Making Mudpies

Most of the landscaping has to wait for warmer, drier weather, but we’ve had a couple of nice days and a few more that weren’t TOO wet, so I’ve been nibbling around the edges of the yard.

First off, I trellised the underside of the deck. The deck is pretty high above the yard, and while we’re proud of it, the underside isn’t that thrilling. I found a bunch of used trellises on Craigslist and built this:


It will be pretty once the jasmine grows up it

It is not perfect, but the underside of the deck isn’t either so it was a bit of a challenge fitting it underneath and fitting the pieces together and making sure it was strong enough to support a big vine, and I did do it all by myself, so I’m pretty proud of it, despite its – well, irregularities. This weekend I brought up a big pot of jasmine I’d sprouted last summer from cuttings. One of the fronds is already about 6 feet long and it’s a fast grower.

The next thing I tackled was the muddy slope from the driveway down to the house.

Muddy slope

In the foreground is a big redwood tree. You can’t actually see the tree but that’s the mound that’s formed around it. In the background is one of the tree ferns that Chris and Todd gave us, in a rock bed I built. In between is a hazardous muddy slope that leads from the driveway down to the house. I started excavating it and ended up finding (and removing) part of a brick path – with a 100+ year old building, there are always layers upon layers whenever you start something.

Bricks – why are they here?

Then I brought over most of the rocks I’d snarfed for free off Craigslist and fit them together into stairs. Steve was not enthusiastic about my undertaking this project and stayed away, probably because he was afraid I would ask him to help me carry rocks. I did the whole thing myself and lemme tell you some of those rocks are BIG. I backfilled with a combination of dirt and construction sand the guys had left. Afterwards he admitted it looked nice. He also shared a drainage technique that it would have been very nice to know before I started but we’ll see how it holds up. (For those of you who have not yet built your outdoor stairs out of rock, dig a channel down the slope and fill it with drain rock before you start.)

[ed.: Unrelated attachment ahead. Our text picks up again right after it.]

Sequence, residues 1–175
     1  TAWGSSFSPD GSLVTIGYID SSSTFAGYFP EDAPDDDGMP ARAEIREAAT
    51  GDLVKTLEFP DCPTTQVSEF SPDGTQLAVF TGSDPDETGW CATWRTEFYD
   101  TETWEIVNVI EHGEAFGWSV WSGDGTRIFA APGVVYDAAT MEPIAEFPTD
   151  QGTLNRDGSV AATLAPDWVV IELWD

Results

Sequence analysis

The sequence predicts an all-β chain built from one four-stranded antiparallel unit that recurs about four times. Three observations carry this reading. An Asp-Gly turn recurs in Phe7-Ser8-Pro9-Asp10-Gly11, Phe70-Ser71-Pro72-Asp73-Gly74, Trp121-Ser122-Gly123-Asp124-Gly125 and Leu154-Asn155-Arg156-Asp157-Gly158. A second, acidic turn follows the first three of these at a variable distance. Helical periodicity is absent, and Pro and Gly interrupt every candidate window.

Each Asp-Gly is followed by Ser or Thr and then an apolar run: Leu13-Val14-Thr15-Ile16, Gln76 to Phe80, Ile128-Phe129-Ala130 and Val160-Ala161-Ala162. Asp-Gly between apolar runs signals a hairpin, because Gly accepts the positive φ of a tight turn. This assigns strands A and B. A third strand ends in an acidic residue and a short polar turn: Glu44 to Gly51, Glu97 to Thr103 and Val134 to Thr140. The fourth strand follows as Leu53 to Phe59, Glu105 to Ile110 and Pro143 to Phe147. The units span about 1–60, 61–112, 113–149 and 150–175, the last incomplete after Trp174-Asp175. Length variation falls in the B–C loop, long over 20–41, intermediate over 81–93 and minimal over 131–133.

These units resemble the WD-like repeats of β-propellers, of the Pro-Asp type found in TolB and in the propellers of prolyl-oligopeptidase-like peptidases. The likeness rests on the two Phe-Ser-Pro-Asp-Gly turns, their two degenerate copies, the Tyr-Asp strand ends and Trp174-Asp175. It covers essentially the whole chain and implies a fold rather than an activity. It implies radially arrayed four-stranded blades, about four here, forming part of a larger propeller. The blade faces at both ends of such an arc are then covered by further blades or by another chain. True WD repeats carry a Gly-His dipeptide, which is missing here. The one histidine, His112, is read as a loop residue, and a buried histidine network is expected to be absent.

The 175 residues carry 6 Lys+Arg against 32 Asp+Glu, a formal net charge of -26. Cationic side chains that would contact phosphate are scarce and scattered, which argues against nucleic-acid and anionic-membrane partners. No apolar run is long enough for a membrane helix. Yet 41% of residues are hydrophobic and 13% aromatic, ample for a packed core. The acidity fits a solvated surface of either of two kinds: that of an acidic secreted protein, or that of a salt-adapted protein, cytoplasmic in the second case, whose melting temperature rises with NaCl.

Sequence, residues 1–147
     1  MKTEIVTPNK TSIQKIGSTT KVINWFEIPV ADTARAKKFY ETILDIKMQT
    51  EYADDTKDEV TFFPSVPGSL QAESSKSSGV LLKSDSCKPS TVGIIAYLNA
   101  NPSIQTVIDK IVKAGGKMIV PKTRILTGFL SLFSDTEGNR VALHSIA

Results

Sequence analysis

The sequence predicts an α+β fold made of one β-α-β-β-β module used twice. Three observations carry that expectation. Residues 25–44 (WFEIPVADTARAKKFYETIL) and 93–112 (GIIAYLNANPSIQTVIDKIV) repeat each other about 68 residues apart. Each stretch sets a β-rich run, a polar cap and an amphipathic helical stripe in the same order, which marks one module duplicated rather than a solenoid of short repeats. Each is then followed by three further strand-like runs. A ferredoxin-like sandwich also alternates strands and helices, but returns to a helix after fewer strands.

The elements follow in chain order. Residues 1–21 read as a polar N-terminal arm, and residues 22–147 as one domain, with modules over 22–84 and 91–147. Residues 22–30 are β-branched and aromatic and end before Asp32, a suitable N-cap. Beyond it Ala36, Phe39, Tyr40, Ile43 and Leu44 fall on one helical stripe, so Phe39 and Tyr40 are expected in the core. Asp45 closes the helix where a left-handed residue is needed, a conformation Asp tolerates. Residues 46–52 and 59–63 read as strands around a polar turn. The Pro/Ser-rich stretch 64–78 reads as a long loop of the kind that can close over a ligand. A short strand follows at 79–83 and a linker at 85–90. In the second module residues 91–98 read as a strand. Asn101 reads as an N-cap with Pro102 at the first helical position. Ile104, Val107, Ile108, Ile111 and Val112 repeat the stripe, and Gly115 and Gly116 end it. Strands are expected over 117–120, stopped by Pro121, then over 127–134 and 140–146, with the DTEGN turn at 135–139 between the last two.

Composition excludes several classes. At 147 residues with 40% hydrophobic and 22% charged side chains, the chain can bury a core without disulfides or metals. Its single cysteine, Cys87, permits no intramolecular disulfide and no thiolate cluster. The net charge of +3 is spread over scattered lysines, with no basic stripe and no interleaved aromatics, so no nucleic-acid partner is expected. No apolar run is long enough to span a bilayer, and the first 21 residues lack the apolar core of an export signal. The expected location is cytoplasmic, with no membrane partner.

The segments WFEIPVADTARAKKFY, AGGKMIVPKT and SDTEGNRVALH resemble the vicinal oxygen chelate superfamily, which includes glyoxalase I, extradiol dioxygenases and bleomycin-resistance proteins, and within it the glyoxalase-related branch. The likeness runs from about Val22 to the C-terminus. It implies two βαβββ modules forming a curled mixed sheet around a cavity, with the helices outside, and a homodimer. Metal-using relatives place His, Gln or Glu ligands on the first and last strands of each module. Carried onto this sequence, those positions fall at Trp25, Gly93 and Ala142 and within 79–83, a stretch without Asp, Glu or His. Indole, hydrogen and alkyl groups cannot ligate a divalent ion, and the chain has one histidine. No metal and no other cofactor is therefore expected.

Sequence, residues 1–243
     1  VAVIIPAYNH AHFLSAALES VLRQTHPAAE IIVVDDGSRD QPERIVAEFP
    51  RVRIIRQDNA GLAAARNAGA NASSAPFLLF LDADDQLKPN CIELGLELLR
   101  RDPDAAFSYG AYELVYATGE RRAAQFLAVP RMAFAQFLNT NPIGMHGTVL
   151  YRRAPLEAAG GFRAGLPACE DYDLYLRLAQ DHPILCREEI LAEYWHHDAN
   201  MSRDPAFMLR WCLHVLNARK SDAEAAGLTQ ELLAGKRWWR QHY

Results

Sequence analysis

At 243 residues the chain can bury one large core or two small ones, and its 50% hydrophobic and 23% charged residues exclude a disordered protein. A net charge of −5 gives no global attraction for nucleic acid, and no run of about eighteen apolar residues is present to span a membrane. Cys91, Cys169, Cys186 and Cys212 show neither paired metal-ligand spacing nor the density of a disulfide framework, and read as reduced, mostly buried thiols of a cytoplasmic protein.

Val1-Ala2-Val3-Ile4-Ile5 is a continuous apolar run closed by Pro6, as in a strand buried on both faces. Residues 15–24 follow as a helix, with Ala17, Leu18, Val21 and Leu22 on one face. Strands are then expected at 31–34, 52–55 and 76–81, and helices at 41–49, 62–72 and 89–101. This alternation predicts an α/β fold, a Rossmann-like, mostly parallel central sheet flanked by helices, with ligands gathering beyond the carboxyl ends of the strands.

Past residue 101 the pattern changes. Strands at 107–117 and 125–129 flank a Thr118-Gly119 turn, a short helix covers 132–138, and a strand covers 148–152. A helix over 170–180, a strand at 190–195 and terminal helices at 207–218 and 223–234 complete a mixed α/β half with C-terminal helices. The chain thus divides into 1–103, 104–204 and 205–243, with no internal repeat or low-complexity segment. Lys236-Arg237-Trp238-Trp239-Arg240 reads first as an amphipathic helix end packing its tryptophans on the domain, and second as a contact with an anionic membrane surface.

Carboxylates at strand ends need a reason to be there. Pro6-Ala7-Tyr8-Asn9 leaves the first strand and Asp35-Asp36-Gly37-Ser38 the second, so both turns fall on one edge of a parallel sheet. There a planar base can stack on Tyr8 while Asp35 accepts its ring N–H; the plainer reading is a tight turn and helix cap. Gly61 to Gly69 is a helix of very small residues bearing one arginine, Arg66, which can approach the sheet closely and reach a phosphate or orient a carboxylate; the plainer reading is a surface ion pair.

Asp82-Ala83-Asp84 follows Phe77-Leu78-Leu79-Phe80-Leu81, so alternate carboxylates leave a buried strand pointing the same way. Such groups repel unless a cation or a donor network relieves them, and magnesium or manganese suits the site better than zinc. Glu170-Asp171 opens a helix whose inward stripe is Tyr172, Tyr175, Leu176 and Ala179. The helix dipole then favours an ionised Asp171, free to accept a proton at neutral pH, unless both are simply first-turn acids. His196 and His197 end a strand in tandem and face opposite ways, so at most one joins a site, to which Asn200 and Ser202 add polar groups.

Then I used a little more rock to build a bed for some more of the plants Chris and Todd had given us. The helleborus was busting out of its pots it was so happy with the climate at the Schoolhouse.



It’s still pretty shabby and will be until it’s warm enough to paint but it’s starting to look like a a house instead of a construction zone!


  1. I love what you’ve done with the place! Is that concrete that I see on the stairs? I’ve got a nice slope on the side of my house that could use a little love like that. Thanks for the inspiration.

    1. It’s a super fine sand that was leftover from mixing concrete. It worked really well until we had two weeks of non-stop rain. Last weekend we took the stairs apart and put in drainage and then put them back together; I’ll post pix soon!

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